Tales From the Irish Garden
by Salley Cronin
Sally Cronin’s Tales From the Irish Garden (2018) is the delightful story of 900+ year old Queen Filgree, fairy royalty forced to move her entire family from the warmth of Spain to the strange green Isle of Ireland where she must hide in the magical invisible (almost) garden of the powerful Storyteller. The book’s twenty-one tales take us through her first year in sanctuary as she gets to know her new home, the powers of the magical garden, the good-hearted and spirited members of her new community, and the magical creatures that live with her. Each tale relays an event that affected the Queen’s household such as the bewitching of the Storyteller’s daughter, a royal visit from a neighboring Prince, the maturing of her two daughters, Jeremy the donkey, piglet races, her own marriage, and more. Each can stand-alone but as a whole, they build a dramatic timeline of events that change the Queen from a lonely exile to fulfilled wife. With each tale, I felt closer to the queen and came to admire her attitude and civility.
I’ve read several of Sally Cronin’s books (click to see my review of Sam). She is a skilled storyteller who knows exactly how much to reveal and when. This book is no exception. Despite being fantasy, the writing is down-to-earth and easy to follow, with exactly the right amount of world building so I understand the fantasy world without getting confused by its differences from our human one. The result is a story told in tales that is fast-moving and atmospheric with a strong sense of where and when. Read these lines. See if you don’t agree:
“Even her eagles looked at her sideways when she uttered this bit of nonsense. They hadn’t picked anything to pieces except their dinner for centuries; relying on their size and wingspan to intimidate.”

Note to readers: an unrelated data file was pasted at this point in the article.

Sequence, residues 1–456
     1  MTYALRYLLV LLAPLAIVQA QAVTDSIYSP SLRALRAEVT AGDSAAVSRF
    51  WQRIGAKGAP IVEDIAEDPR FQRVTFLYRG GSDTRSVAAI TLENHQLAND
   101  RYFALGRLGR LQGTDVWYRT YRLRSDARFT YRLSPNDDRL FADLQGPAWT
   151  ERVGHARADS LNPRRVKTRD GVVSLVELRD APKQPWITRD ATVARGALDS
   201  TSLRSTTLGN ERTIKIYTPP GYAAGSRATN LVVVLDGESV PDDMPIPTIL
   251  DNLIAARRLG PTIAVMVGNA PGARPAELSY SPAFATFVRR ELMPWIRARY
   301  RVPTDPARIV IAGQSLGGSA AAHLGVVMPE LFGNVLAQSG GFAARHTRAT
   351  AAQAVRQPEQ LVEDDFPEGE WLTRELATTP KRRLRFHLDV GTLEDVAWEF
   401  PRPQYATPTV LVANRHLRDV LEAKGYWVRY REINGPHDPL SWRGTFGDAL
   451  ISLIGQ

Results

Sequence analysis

“…enticing the bull over to the barred gate, and offering him peppermints which he was addicted to.”
“The main course was poached quail’s eggs and stuffed courgette flowers, filled with minced nuts, mushrooms and goats cheese and fried in crispy batter. This was served with chips and Chef Marcelle’s renowned curry sauce, a favourite after a night of drinking amber nectar.”
“The Queen’s guard, consisting of twenty highly trained and athletic young fairies, were sent off in full ceremonial uniform to await the advance troops of the visiting royal party at the invisible gate at the far end of the magic garden.”
Since I have a blarney stone’s-worth of Irish in me, I paid particular attention to the setting, especially those pesky leprechauns. Though the story is fantasy, it is also about oh so human dreams of love, happiness, and eternal youth. In a few words: It is delightful. Fun. Happy. Whimsical. Highly recommended for anyone with a child within them who dreams that miracles can happen.
Jacqui Murray is the author of the popular Building a Midshipman, the story of her daughter’s journey from high school to United States Naval Academy, the Rowe-Delamagente thrillers, and Born in a Treacherous Time, first in the Man vs. Nature saga. She is also the author/editor of over a hundred books on integrating tech into education, adjunct professor of technology in education, blog webmaster, an Amazon Vine Voice, a columnist for TeachHUB and NEA Today, and a freelance journalist on tech ed topics. Look for her next prehistoric fiction, Survival of the Fittest, Spring 2019, first in the Crossroads Trilogy. You can find her tech ed books at her publisher’s website, Structured Learning